Hoping to position yourself for a promotion in the near future? The best time to start was yesterday. The next best time is right now. Planning achievable future goals and benchmarks are extremely important when it comes to career progression.
Here at Law Staff, we meet with lawyers every day and have seen which lawyers have successfully grasped the art of gaining a promotion and those who haven’t been able to achieve their goals as easily. Below are some examples of lawyers who have positioned themselves well for a promotion at end of financial year -
SMALL THINGS MAKE THE BIG THINGS HAPPEN
Take the time to write down your ultimate promotion goals; set timelines; decide what smaller short-term goals need to happen for you to get there, and write those down too.
Observe what it took for other lawyers in your team or firm to get promoted. Look into who was promoted last financial year, invite them out for a coffee (or virtual zoom meeting) and have a conversation with them. In a soft and modest manner, congratulate them on their success. If you admire their work and aspire to follow their footsteps, say so! This is a great way to connect with the individual and possibly gain more insight into what they did to get where they are.
One of the standout points of difference your direct manager will be looking for when considering your promotion, is for you to be showing a level of responsibility.
Time is money. Management and Partners invest a lot of their time reviewing, mentoring and supervising. Being responsible for your own attention to detail, conducting spellchecks, grammar checks, and even developing your own bad habit checklist to tick off before submitting work will save a considerable amount of your supervisor’s time, and inevitably, will free up more time for supervisors to produce billable work. An increased fee budget equates to a larger salary budget.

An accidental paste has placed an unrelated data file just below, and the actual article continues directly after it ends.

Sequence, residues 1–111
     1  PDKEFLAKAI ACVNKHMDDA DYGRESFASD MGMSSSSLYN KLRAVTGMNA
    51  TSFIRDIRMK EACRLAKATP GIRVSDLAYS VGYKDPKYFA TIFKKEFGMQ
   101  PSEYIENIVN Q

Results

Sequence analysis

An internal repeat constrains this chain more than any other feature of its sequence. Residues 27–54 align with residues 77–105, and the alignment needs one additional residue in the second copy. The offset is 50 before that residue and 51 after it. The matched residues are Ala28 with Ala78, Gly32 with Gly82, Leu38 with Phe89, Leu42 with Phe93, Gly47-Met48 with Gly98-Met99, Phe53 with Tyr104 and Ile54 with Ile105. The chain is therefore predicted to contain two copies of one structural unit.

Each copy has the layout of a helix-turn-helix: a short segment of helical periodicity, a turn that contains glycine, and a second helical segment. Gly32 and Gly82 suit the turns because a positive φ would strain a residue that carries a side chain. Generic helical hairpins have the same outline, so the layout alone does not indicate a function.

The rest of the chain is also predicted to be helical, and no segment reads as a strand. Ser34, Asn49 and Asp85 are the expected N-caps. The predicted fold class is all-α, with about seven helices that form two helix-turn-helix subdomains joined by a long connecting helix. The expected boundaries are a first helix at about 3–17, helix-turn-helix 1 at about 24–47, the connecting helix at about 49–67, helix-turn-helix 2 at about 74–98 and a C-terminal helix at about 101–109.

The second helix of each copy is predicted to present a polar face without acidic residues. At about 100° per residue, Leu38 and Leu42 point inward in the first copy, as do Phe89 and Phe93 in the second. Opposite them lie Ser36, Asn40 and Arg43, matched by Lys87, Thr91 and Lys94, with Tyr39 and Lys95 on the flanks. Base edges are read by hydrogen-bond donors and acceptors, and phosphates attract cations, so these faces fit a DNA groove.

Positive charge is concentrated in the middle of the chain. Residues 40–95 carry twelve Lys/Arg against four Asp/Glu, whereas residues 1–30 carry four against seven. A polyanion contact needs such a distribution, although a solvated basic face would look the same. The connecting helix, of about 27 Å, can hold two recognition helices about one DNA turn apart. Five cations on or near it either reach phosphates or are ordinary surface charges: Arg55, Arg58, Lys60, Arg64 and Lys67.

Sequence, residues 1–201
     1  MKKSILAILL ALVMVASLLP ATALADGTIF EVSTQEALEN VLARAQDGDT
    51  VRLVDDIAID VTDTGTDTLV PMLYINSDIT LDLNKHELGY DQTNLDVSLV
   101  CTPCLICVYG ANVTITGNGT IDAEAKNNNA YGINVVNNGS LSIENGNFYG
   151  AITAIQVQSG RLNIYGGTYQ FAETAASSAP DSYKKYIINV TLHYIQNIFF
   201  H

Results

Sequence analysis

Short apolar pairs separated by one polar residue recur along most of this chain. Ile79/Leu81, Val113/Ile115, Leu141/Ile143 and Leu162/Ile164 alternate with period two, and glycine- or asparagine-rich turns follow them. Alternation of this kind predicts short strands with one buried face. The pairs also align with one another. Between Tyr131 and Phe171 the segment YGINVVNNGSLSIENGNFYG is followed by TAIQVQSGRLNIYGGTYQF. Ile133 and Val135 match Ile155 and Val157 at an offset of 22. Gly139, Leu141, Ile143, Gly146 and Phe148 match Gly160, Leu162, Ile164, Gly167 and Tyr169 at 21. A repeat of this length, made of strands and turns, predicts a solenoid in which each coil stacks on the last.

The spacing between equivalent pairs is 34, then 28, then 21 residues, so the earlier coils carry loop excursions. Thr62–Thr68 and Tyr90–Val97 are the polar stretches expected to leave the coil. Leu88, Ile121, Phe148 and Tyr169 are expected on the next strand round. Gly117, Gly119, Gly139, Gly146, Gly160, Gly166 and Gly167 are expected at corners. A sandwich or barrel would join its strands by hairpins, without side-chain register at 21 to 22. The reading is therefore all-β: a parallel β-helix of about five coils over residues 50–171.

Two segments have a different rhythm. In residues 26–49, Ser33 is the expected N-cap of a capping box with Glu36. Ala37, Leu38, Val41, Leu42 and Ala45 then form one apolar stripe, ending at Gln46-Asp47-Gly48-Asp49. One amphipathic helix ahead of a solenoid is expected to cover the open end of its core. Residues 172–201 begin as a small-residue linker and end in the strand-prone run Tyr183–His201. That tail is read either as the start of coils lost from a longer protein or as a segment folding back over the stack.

You may also be able to show you can provide mentoring and supervision to more junior lawyers, paralegals or admin support. Put your hand up to review a junior colleagues work and delegate tasks to them which you are able to supervise. Of course, this needs to be done within the realms of your role and capability, and always ask before doing so as it will require approval.
Depending on the size of your current firm, offering additional assistance beyond the scope of your job description can also assist the development of the firm which management will always acknowledge as an attribute. From offering articles in your respective areas of practice, volunteering for networking events, and creating resources or templates for other members in your team.
Take a well-measured and considered approach to all of your new prospective development opportunities, as it is crucial to maintain balance. Overcommitting and underdelivering opens the door for rushed mistakes, disappointed seniors, as well as a potential reduction in their time needed to double-check your work, which is counter-intuitive to the overall objective of what you set out to achieve. These are all very important parts of the stable career progression of a successful professional.
KNOW YOUR WORTH
Just because you think you deserve a promotion, doesn’t mean everyone else can see that. Ask yourself why you deserve it and how you can get there. The new responsibilities mentioned above will hopefully allow your boss to see the benefits you can add to the firm.